Hot on the heels of Nikon revealing that it’s working on the high-speed Z 9, and with more than half an eye on the upcoming Tokyo Olympics, Canon has announced that it’s working on a pro-spec full-frame mirrorless camera, the EOS R3. As with the last year’s launch of the EOS R5, the firm has initially released just a few tasty details, including some promising new features and the long-overdue return of an old favourite.
The Canon EOS R3 is a high-speed full-frame mirrorless camera with an integrated vertical grip
First up, the camera is based around a new, Canon-developed back-illuminated full-frame stacked-CMOS sensor which will be paired with its Digic X image processor. This promises rapid readout speeds to minimise rolling shutter effects. As a result, the firm says users will be able to shoot at 30 frames per second with full autofocus and exposure tracking along with low image distortion. But there’s no word yet on either resolution or ISO sensitivity range.
Secondly, the sensor is also claimed to facilitate a next-generation Dual Pixel CMOS AF system, in which every pixel can be used for phase detection autofocus. The firm is promising high-speed tracking of subjects’ eyes, heads and bodies, and teasing the addition of a new subject to the camera’s AI-based AF tracking system, alongside the existing humans, animals and eyes.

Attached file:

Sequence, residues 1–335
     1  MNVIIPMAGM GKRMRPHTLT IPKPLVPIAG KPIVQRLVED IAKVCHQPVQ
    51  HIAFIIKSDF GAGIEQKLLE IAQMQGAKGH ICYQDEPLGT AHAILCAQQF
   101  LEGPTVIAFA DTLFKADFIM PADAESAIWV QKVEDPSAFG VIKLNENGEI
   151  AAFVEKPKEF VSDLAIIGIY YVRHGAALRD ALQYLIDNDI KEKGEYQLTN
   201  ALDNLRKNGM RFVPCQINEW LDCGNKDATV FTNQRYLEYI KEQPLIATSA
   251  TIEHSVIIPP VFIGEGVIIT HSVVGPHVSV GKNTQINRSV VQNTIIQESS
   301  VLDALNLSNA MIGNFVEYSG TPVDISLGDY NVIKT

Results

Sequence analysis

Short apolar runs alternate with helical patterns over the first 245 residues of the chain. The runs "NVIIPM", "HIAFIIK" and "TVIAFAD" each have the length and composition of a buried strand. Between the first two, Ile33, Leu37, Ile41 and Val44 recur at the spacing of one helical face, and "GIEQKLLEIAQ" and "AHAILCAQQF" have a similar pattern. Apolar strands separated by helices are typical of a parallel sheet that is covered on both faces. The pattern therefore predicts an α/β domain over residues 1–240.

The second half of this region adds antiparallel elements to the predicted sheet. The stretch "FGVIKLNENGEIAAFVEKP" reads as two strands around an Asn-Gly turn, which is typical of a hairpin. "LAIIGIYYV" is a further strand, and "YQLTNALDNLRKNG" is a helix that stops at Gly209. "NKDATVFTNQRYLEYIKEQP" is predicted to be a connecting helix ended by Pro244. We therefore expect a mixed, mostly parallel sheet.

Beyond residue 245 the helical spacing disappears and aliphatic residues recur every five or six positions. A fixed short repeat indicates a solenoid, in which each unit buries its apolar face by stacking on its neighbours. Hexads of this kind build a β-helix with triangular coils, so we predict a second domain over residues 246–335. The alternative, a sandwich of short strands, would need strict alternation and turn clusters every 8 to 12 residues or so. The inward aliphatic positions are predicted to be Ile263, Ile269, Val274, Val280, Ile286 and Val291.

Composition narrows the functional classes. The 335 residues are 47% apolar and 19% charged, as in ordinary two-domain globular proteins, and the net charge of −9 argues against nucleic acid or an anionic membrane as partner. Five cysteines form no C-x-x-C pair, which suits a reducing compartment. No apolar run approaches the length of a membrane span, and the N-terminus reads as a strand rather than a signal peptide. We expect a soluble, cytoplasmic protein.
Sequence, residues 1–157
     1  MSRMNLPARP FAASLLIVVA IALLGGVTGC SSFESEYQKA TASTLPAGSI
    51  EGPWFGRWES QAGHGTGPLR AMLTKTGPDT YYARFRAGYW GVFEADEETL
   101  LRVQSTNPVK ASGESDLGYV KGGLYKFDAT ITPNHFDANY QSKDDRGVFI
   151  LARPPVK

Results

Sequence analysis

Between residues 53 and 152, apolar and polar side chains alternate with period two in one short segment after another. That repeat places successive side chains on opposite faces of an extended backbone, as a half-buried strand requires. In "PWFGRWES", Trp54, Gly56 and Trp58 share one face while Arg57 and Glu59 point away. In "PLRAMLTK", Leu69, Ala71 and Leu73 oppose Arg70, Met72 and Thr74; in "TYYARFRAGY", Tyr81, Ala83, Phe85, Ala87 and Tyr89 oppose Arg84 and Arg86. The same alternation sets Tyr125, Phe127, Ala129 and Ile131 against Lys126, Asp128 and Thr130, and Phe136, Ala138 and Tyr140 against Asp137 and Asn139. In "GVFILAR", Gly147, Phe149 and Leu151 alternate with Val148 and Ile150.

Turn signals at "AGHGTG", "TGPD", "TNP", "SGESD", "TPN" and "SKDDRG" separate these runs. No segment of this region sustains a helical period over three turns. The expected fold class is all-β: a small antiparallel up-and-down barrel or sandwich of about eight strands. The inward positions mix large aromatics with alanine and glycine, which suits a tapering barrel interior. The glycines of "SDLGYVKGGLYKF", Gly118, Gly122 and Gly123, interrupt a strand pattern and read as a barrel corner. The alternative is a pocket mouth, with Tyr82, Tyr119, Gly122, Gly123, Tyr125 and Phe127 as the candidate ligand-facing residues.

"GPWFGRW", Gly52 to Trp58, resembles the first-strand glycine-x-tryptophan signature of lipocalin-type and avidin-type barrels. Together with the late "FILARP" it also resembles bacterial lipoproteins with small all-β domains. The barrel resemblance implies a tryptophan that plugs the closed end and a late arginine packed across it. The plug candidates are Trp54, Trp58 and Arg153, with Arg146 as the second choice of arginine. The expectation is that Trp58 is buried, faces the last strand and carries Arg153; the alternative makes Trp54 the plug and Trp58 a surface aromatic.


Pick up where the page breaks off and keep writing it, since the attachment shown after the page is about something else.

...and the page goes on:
The camera places a new stacked-CMOS sensor behind Canon’s large diameter RF mount
Just a glance at the product shots Canon has released reveals that the EOS R3 will have an integrated vertical grip. The firm is promising the same level of durability and weather resistance as its top-end EOS-1 series models, and while little is visible of the camera’s controls, we’d expect a similar button-based interface. But it’s sure to integrate all the improvements the firm has made with the EOS R5 / R6 design.
Photographers who remember the firm’s 1990s-vintage 35mm SLRs will be familiar with the concept of eye control focus, which will be making a long-overdue return on the EOS R3. The camera detects whereabouts in the viewfinder the photographer is looking and positions the focus point accordingly, with no need to use a multi-controller. This feature was last found on the semi-pro EOS 3, which may go some way to explaining the new model’s naming. With any luck it’ll be more reliable than it was back in 1998, though.
Canon used eye-control focus on several 35mm film SLRs, including the semi-pro EOS 3
The final snippet that Canon has made public is that the EOS R3 will be fully compatible with the firm’s Mobile File Transfer smartphone app. This allows users to transfer images to news desks using their mobile network services, and not have to rely on wired LANs.
That’s all we know for now – anything else is purely speculation. Chances are Canon will continue to tease us with titbits of additional information before launching the camera for real in a couple of months’ time.